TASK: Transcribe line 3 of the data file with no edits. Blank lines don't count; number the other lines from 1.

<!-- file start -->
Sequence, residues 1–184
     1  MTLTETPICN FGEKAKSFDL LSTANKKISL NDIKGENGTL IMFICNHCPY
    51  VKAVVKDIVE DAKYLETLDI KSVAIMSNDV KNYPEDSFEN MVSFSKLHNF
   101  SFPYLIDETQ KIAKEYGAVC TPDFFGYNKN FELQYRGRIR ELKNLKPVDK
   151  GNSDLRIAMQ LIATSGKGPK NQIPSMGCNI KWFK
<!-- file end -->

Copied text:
    51  VKAVVKDIVE DAKYLETLDI KSVAIMSNDV KNYPEDSFEN MVSFSKLHNF